I have been looking on, this evening at a merry company of children assembled round that pretty German toy, a Christmas Tree. The tree was planted in the middle of a great round table, and towered high above their heads. It was brilliantly lighted by a multitude of little tapers; and everywhere sparkled and glittered with bright objects.
Being now at home again, and alone, the only person in the house awake, my thoughts are drawn back, by a fascination which I do not care to resist, to my own childhood. I begin to consider, what do we all remember best upon the branches of the Christmas Tree of our own young Christmas days, by which we climbed to real life.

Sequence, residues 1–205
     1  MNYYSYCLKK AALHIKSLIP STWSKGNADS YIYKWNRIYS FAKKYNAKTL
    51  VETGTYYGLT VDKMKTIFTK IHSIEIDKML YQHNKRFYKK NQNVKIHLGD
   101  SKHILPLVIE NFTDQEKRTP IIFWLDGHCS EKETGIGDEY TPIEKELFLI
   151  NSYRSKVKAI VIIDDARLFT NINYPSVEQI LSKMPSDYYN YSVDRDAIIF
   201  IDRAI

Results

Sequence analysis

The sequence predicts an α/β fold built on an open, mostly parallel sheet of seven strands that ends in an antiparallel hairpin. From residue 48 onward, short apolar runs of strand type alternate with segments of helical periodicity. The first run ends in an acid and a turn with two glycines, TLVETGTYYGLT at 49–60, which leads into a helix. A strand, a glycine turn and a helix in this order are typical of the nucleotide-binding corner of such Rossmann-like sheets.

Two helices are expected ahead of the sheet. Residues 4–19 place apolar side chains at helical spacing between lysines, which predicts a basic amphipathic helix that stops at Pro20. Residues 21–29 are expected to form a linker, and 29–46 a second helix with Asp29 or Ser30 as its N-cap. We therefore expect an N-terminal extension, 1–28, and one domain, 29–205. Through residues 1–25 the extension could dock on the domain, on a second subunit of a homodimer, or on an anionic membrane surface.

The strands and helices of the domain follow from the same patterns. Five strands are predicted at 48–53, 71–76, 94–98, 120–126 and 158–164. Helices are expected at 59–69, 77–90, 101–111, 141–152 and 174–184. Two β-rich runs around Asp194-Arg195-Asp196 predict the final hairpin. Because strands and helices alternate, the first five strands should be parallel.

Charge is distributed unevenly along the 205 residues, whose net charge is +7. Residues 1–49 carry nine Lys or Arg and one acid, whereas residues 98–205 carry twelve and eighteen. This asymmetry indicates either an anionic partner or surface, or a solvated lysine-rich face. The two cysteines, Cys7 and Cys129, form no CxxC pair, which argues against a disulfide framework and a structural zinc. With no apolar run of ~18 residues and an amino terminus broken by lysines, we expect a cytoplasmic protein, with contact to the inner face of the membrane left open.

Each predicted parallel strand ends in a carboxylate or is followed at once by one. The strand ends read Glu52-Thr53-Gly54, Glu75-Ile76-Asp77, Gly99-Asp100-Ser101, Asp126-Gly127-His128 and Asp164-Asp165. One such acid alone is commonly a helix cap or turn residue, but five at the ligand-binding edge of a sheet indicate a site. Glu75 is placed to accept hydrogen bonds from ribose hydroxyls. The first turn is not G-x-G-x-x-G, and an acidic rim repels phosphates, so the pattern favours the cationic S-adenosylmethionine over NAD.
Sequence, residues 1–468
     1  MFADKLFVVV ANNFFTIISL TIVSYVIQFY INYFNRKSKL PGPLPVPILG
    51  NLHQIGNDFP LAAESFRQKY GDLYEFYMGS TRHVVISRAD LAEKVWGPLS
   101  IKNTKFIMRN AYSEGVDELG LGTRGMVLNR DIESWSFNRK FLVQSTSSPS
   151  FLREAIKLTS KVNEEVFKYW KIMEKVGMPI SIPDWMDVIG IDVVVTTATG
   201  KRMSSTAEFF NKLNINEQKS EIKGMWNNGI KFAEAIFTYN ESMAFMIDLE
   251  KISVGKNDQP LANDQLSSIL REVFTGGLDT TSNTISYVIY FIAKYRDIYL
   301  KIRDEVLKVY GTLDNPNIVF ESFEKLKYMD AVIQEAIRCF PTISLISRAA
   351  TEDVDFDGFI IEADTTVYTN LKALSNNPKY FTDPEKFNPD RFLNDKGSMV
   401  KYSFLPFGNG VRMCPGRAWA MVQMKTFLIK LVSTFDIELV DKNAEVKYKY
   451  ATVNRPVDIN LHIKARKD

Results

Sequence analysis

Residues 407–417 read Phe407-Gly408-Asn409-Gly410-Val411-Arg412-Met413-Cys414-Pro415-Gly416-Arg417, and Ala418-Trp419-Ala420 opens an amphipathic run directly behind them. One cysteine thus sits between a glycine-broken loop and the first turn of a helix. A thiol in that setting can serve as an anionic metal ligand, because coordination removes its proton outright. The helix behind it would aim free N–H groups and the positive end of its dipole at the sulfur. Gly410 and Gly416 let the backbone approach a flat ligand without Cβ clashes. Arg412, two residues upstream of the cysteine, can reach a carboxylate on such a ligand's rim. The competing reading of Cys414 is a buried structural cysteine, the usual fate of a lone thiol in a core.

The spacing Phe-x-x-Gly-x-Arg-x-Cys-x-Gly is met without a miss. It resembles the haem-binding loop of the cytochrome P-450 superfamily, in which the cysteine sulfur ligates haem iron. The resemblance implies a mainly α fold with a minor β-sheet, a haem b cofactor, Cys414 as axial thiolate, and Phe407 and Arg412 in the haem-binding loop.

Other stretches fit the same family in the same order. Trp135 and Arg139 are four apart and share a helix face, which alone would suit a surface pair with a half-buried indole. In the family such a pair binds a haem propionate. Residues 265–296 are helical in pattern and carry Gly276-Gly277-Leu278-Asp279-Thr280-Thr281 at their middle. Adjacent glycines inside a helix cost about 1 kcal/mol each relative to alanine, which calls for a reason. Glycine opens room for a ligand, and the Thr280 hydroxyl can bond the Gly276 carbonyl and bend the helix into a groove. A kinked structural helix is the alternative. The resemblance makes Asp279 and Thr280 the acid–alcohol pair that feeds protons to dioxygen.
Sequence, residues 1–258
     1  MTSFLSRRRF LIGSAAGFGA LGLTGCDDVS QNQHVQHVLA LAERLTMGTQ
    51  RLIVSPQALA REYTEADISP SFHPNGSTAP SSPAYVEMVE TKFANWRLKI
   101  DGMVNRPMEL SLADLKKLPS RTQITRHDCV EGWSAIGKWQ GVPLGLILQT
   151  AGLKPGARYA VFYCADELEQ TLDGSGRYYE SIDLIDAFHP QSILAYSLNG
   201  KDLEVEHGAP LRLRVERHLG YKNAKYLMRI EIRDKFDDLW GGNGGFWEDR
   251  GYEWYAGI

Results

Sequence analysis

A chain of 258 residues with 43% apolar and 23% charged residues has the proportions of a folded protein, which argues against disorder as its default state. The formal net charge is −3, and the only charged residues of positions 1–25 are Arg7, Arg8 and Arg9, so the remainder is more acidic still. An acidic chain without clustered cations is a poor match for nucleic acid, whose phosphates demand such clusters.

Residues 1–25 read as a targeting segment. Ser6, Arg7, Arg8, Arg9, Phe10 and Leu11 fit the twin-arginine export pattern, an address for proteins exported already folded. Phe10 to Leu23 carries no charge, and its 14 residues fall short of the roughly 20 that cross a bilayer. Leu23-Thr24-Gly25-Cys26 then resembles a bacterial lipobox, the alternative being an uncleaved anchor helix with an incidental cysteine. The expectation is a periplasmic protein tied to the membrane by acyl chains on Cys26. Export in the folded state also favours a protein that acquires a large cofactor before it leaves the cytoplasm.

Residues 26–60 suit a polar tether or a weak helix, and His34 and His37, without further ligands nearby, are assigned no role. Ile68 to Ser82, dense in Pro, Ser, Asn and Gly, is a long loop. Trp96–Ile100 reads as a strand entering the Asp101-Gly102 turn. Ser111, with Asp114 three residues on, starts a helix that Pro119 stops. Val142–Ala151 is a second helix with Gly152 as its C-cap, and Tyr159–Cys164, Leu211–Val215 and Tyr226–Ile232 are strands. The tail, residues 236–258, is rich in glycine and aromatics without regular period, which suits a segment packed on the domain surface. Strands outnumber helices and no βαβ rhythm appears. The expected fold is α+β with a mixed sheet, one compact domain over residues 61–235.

Straight, in the middle of the room, cramped in the freedom of its growth by no encircling walls or soon–reached ceiling, a shadowy tree arises; and, looking up into the dreamy brightness of its top— for I observe in this tree the singular property that it appears to grow downward towards the earth—I look into my youngest Christmas recollections!
Turn off the light
and see the magic of Christmas